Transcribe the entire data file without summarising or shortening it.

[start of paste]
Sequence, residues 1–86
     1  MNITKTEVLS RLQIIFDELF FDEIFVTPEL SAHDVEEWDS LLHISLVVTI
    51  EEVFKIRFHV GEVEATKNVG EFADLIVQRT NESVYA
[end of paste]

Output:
Sequence, residues 1–86
     1  MNITKTEVLS RLQIIFDELF FDEIFVTPEL SAHDVEEWDS LLHISLVVTI
    51  EEVFKIRFHV GEVEATKNVG EFADLIVQRT NESVYA